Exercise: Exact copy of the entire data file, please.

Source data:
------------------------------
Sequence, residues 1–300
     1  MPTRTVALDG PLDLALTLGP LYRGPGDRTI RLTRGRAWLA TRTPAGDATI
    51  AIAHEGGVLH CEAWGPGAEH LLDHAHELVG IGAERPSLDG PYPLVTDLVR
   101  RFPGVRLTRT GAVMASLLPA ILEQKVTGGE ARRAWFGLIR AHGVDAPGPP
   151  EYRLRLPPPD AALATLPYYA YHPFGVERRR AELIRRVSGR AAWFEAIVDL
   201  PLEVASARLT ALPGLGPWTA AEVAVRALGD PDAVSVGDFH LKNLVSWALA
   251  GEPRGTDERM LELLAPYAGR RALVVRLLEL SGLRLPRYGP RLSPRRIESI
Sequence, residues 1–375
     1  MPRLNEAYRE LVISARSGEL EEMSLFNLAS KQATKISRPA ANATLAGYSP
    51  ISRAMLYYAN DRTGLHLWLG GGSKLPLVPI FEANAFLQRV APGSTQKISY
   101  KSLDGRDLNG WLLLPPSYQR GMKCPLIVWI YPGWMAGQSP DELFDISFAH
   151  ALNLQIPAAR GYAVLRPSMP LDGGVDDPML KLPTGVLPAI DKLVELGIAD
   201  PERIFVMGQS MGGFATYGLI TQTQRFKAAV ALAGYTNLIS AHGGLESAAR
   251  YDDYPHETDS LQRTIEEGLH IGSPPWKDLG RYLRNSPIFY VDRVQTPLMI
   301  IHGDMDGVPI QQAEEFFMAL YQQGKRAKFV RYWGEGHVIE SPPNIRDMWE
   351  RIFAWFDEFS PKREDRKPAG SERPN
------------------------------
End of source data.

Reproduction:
Sequence, residues 1–300
     1  MPTRTVALDG PLDLALTLGP LYRGPGDRTI RLTRGRAWLA TRTPAGDATI
    51  AIAHEGGVLH CEAWGPGAEH LLDHAHELVG IGAERPSLDG PYPLVTDLVR
   101  RFPGVRLTRT GAVMASLLPA ILEQKVTGGE ARRAWFGLIR AHGVDAPGPP
   151  EYRLRLPPPD AALATLPYYA YHPFGVERRR AELIRRVSGR AAWFEAIVDL
   201  PLEVASARLT ALPGLGPWTA AEVAVRALGD PDAVSVGDFH LKNLVSWALA
   251  GEPRGTDERM LELLAPYAGR RALVVRLLEL SGLRLPRYGP RLSPRRIESI
Sequence, residues 1–375
     1  MPRLNEAYRE LVISARSGEL EEMSLFNLAS KQATKISRPA ANATLAGYSP
    51  ISRAMLYYAN DRTGLHLWLG GGSKLPLVPI FEANAFLQRV APGSTQKISY
   101  KSLDGRDLNG WLLLPPSYQR GMKCPLIVWI YPGWMAGQSP DELFDISFAH
   151  ALNLQIPAAR GYAVLRPSMP LDGGVDDPML KLPTGVLPAI DKLVELGIAD
   201  PERIFVMGQS MGGFATYGLI TQTQRFKAAV ALAGYTNLIS AHGGLESAAR
   251  YDDYPHETDS LQRTIEEGLH IGSPPWKDLG RYLRNSPIFY VDRVQTPLMI
   301  IHGDMDGVPI QQAEEFFMAL YQQGKRAKFV RYWGEGHVIE SPPNIRDMWE
   351  RIFAWFDEFS PKREDRKPAG SERPN